After she graduates from the residency program in June, Hewitt will begin a sports medicine fellowship and is looking forward to the shift in focus.
“I went into medicine for a few reasons, primarily to help care for people and promote health and wellness in those of all ages, backgrounds and abilities,” she said. “Overall, I am very happy with my career choice and look forward to the future.”
McMillen worries about physician burnout and is constantly checking in with his residents and colleagues. His plea to the public is, “Get vaccinated—help us out.”
In his most recent newsletter to faculty, students, residents and fellows, Paul Wallach, MD, executive associate dean for educational affairs and institutional improvement, expressed gratitude for faculty and residents who are providing high caliber, compassionate care during the latest COVID surge, all of whom he said “exemplify the best in us in caring for those who are ill and in need.”
“I am extremely honored to be part of a respectful and collaborative physician community where the love of our mission is a force that no virus will defeat,” he wrote.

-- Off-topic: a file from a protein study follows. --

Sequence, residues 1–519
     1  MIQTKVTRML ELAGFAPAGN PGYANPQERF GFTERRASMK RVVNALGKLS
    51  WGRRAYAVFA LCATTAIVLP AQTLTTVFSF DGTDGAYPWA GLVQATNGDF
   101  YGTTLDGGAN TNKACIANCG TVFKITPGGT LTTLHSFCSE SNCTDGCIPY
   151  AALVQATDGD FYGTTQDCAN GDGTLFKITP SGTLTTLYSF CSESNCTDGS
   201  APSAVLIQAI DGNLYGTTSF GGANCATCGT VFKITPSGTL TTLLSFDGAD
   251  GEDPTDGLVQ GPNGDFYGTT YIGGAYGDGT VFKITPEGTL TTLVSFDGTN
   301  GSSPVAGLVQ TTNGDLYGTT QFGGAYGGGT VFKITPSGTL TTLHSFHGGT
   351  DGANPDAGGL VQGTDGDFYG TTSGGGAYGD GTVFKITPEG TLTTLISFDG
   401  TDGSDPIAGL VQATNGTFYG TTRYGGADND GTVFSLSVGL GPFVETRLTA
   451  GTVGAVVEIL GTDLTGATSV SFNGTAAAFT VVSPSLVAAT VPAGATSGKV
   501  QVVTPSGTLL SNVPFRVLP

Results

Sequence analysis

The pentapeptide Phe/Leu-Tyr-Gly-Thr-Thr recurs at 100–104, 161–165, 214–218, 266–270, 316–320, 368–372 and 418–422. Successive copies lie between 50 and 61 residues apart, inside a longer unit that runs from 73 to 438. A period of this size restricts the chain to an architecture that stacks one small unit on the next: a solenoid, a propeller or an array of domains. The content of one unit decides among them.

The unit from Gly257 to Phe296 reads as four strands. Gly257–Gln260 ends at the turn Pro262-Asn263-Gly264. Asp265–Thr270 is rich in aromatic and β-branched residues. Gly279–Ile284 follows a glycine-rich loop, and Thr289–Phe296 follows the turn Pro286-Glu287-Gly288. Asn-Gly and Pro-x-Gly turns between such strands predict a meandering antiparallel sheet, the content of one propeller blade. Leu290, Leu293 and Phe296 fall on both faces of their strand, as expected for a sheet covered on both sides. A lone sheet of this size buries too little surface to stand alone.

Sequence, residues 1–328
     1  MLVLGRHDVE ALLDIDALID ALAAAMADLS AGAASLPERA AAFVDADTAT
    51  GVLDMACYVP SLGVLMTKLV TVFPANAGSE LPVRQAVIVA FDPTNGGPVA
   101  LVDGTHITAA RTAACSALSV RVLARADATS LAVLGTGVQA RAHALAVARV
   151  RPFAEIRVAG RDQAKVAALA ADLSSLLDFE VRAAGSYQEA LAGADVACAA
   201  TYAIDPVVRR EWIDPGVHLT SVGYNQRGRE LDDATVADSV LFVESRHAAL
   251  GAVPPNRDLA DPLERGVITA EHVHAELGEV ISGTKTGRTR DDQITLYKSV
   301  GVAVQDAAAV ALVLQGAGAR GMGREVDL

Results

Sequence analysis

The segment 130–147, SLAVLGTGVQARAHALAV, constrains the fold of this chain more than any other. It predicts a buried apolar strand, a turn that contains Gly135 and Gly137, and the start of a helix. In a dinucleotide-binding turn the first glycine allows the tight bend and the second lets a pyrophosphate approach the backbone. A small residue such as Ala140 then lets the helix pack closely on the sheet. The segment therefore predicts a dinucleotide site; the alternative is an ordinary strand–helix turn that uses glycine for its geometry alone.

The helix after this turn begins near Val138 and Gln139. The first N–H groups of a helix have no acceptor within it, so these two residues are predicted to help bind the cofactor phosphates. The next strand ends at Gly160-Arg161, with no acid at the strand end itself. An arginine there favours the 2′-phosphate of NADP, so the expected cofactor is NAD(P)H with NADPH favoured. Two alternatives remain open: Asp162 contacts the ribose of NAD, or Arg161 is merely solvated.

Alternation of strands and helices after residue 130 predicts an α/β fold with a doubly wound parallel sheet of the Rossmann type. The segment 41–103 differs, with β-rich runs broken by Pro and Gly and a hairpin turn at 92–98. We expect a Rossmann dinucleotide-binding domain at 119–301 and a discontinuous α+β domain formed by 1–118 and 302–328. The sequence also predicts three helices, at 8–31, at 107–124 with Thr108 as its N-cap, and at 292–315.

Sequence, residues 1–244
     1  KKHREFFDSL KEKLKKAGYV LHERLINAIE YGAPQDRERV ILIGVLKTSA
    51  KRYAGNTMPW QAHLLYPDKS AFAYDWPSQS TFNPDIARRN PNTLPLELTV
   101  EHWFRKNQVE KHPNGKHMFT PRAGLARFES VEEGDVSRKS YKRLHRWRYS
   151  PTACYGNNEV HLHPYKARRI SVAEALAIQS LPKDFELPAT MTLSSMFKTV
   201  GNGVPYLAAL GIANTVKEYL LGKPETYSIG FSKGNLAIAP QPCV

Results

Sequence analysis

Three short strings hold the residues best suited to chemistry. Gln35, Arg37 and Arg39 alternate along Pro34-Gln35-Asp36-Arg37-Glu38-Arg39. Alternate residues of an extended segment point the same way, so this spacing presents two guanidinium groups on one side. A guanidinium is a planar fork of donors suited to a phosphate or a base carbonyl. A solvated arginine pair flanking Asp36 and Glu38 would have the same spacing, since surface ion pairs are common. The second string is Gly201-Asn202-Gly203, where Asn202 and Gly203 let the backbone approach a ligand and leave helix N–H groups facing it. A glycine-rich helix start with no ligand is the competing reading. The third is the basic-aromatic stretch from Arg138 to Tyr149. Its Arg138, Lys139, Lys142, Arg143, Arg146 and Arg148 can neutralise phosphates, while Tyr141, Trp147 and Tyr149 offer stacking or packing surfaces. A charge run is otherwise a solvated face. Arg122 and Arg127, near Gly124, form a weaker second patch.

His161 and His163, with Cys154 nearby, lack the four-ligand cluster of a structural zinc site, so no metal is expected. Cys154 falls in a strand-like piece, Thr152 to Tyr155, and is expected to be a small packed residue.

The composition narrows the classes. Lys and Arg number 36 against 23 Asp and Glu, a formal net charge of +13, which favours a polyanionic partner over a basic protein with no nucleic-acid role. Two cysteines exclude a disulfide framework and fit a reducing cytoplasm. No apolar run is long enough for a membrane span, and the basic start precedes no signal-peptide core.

Hernandez urges all members of the IU School of Medicine community to support and encourage one another as the uncertainty of the pandemic’s course continues into 2022.
“Check on each other as humans,” he said. “We need to look after ourselves and each other, especially in this field where our work is to take care of many people.”
The views expressed in this content represent the perspective and opinions of the author and may or may not represent the position of Indiana University School of Medicine.
Laura is a senior writer with the Office of Strategic Communications. A native Hoosier, she has 25 years of experience in communications, having worked with newspapers and other media organizations in Indiana and Florida, along with small businesses, community groups and non-profit organizations. Before joining IU School of Medicine in January 2020, she was editor-in-chief of a lifestyle magazine serving the community of Estero, Florida.